The nationwide genocide by the ruling Khmer Rouge in the late 1970’s is still fresh in the annals of Cambodia. Ottie and I visited a couple of memorial sites while we were in Phnom Penh.
The Killing Fields was the site of a mass grave, where prisoners of S21 would be transported to for execution. The site also used to be a Chinese cemetary, so we’d see a few burial mounds that weren’t part of the mass graves. Ottie and I shared an audio guide, since Ottie happened to have his earphones with him. I ended up with the headphones that came with it, although I’d have preferred to use my own too- those headphone weren’t the most comfortable, especially since the tour lasted for about two hours (ow my earsss). The audio tour also included quite a number of extra excerpts, so I was glad that Ottie and I were on the same page all the time. It did make walking a bit of voting process, but if Ottie and I couldn’t come to a consensus on little things like this, our relationship would be doomed. :P
The illustration depicting how this tree was used was just… I thought the dark patch on the tree trunk slightly above the head level was a little odd, and wondered if that was blood, until I saw the illustration in which a prison guard swung an infant by its feet to bash its head at what I think was that very same spot. Also, these colourful bracelets are everywhere, signs of people leaving something in memory for the tragedy that happened here. Ottie also noted that the small stone on top of this sign was a jewish practice for the dead.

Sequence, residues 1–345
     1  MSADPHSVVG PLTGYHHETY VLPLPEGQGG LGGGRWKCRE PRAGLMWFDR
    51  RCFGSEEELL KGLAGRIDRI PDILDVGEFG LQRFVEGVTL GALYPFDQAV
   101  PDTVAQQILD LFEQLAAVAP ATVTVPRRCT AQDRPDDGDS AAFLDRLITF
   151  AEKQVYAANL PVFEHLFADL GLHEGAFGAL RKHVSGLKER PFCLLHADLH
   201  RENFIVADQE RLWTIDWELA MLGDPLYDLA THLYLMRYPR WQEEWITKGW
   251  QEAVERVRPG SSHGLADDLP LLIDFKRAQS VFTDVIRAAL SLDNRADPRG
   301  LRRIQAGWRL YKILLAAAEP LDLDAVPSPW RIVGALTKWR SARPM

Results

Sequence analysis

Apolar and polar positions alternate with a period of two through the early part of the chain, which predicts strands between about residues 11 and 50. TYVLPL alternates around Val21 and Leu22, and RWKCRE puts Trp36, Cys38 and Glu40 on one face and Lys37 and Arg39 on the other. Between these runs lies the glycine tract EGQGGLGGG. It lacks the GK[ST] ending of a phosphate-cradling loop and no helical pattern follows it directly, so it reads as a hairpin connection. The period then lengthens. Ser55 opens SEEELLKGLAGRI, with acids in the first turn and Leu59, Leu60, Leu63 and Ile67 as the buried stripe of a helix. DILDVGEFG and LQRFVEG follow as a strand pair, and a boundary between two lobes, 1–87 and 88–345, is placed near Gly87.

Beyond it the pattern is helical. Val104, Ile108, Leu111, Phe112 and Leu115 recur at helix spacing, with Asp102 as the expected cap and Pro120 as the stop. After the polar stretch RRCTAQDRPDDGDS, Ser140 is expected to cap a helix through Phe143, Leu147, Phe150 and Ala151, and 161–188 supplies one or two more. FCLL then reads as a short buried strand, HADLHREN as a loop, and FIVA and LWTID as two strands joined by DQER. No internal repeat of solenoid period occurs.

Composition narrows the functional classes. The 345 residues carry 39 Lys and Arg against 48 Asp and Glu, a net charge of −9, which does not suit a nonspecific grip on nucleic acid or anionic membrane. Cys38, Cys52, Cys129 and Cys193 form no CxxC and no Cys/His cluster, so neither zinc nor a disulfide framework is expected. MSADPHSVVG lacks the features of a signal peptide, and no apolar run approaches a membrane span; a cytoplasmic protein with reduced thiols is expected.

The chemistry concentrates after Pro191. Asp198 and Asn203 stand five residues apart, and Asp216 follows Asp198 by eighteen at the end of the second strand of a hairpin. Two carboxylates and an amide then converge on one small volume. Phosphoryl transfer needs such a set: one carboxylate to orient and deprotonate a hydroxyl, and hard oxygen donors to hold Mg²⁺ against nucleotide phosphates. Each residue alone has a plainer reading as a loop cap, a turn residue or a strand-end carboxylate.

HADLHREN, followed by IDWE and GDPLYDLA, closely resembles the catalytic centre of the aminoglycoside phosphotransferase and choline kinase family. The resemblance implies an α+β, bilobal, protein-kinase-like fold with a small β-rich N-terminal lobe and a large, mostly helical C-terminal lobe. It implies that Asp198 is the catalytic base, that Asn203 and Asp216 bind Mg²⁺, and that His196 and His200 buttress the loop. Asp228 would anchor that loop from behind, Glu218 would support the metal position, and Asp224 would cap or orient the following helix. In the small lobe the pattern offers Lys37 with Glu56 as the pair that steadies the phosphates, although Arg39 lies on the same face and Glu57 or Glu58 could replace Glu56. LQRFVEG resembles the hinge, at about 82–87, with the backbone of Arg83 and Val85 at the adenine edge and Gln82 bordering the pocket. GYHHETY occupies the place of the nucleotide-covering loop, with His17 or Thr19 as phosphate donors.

Ottie and I ventured down this peaceful path that not many people seemed to walk through; their loss. It was so idyllic, with the foliage and nature seeming to shield us from the aftermath of the horrors that occurred on the other side of those trees. Chickens roam freely in the site too; we saw a few cute chicks following their mother to forage for food along this path.
More commonly known as S21, this high-school-turned-prison-camp gave new meaning to the opinion on a school being, well, a prison. The modified school grounds was a depressing sight – every classroom empty save for a metal bedframe or three, the ends of each corridors affixed with metal gates, the stains and dereliction which permeates the present, a leftover from the rape of what such an institution embodied.
It got close to home when I climbed up the stairs with Ottie to the second level and was hit with a sudden wave of nostalgia at the style of the stairway, reminding me of my days in primary school.
Every prisoner was required to have their portrait taken while sitting in the contraption in the photo on the extreme left. In the foreground were all the childrens’ who had the misfortune of being family to whomever the Khmer Rouge wanted eliminated. :(
It was a sobering day.